1. True time-of-flight LIDAR, like the VL53L5 uses, is useless for bed leveling: precision is way too poor. I’m referring to the fake ‘lidar’ that folks like Bambu Labs use for bed height/first layer mapping: just a cheap optical triangulation sensor. Good precision, mediocre accuracy (even Bambu backs it up with a touch probe), but maybe good enough to map the top of a muffin.

  2. Because it seems it’s the only part differing from a standard 3D printer, it would be great if we could buy the extruder/heater as a stand-alone to put in a different 3D printer. However, that would probably need to use a special heating plate and NO stick glue !

        1. Clearly states, “intended for users with prior 3D printing experience, as it requires assembly and 3D printing your own parts.”
          So, $1500 for an incomplete kit??? GTFO

    1. Hi Rik, you are quite well informed! Just to add something to set the record, the student executing the TNO project back in the day is the co-founder of byFlow BV.

      Manufacturing and traning to use machine for the HoReCa sector was/is a mastodontic task, that makes for a less compelling business opportunity for the target audiance that can go by without any knowledge of 3D printing and technology in general (unlike the DIY 3DP enthusiast croud).

      The bigest ordeal of food printing is the reliance on syringes, that are extremely labour intensive and prone to all kinds of failures/problems. It’s a design flaw that even the most succesful company that 3d prints food (for real, not marketing) BluRhapsody by Barilla, is fighting every day with their TNO based syringe machines, even after the better part of a decade to optimization.

      I support Ellie and would love to meet her in person if she pass by an event in the netherlands, but the hard truth that is half hidden in plain sight is that her syringe machine is not sold or equipped to print reliably real choccolate, but a easier to work with substance based on vegable fat called compound chocolate that doesn’t need tempering. Her previous machine equipped with cooling had a chance, but the risk of un-tempering the real choccolate is too high, so now the effectivly gave up on chocolate an moved to compound, removing a lot of complexity and cost…. and taste.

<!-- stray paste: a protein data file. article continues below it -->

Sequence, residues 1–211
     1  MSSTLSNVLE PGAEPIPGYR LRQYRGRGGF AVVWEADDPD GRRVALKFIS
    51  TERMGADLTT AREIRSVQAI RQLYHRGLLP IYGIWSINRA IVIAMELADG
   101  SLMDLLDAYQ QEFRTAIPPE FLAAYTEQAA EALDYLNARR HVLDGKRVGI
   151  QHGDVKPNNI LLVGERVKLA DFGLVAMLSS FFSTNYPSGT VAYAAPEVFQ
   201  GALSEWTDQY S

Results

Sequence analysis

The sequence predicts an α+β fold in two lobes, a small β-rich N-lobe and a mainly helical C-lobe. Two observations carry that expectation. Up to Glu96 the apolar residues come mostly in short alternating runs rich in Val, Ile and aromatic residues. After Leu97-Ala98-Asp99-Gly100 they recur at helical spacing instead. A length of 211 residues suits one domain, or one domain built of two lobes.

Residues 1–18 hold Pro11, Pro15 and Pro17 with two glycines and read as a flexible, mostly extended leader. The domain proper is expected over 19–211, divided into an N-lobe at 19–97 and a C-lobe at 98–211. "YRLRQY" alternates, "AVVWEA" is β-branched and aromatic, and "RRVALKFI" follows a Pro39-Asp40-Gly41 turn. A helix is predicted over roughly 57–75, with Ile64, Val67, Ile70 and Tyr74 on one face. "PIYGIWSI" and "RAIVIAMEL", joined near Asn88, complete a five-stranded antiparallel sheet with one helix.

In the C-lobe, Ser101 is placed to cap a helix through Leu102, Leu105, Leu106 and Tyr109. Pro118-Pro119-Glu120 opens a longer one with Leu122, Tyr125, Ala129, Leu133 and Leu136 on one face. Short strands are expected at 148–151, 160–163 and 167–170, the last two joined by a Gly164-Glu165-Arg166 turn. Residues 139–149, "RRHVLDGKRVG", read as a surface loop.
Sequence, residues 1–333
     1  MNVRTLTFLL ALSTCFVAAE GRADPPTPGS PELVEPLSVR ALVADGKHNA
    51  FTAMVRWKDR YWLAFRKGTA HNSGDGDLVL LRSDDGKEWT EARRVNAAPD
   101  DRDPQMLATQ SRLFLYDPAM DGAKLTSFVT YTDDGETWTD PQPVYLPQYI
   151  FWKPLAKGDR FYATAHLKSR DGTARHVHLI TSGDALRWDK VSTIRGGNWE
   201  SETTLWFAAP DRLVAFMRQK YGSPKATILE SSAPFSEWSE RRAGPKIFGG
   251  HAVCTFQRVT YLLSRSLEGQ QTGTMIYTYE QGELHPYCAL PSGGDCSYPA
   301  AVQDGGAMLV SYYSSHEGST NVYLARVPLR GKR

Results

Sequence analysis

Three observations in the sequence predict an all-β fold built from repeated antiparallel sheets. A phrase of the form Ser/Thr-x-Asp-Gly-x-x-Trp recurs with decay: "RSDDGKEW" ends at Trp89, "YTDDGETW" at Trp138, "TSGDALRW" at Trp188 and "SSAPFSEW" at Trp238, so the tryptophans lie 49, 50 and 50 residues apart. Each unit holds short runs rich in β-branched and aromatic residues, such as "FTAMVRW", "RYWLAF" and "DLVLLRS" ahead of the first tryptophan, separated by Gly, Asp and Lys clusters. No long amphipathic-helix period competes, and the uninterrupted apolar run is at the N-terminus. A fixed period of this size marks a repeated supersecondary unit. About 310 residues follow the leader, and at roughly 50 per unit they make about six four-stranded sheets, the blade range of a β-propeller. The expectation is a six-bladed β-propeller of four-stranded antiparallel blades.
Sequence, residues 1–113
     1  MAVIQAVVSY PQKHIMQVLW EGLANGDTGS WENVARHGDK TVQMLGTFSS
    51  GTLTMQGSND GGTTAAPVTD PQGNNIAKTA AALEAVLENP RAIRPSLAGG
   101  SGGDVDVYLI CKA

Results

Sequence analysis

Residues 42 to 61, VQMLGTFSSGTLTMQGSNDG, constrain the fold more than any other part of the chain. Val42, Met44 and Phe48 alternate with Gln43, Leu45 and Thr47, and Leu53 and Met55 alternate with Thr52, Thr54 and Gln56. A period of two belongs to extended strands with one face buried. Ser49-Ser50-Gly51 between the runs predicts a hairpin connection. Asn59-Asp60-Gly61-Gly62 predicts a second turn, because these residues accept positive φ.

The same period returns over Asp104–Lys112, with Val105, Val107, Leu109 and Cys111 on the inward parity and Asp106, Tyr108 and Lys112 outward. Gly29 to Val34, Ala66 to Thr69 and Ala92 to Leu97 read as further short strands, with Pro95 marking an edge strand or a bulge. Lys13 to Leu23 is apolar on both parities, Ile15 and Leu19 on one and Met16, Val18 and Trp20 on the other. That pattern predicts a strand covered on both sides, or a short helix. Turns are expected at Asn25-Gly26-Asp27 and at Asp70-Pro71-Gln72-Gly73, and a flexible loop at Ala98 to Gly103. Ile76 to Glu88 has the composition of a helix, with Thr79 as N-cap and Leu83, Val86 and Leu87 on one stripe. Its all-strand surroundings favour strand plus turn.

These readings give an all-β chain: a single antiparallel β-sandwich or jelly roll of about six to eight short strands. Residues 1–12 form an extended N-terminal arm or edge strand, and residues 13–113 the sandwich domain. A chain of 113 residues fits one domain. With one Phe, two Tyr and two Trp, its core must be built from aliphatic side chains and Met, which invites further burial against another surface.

I wish her all the best for the launch and unique business model (based on the OSource Voron project), i only wish the marketing and promotion would stick to “cocoa paste printing ” or “chocolate-like paste printing”, but we understand how hard is to launch a product

  3. Because it uses Palm Oil instead of Cocoa Butter in the material the output can’t legally be called “chocolate” in the USA although it is legal to do so in the UK.

    1. It is understandable.
      Tempering chocolate is a real pain that requires a huge amount of technical knowledge ( or luck)
      Using syringes to print is a huge pain of manual laubur and time
      3d printing a substance that is liquid for seconds is a huge pain

      Compound chocolate made with palm oil fat is the quick way out used by mycusini and the vat majority of food printers to avoid the first hurdle, the tempering, alltogether.

      the only ones using real chocolate currently are callbout Monalisa 3d (it uses external tempering machines, cost a couple millions of hw), Chocomate 3 (uses syringes with custom made chocolate from germany, then relies on external cooling equipent for climate control) and the new byflow (it actually tempers while depositing, plus built in climite control to control solidification) but we aren’t selling it lol too bad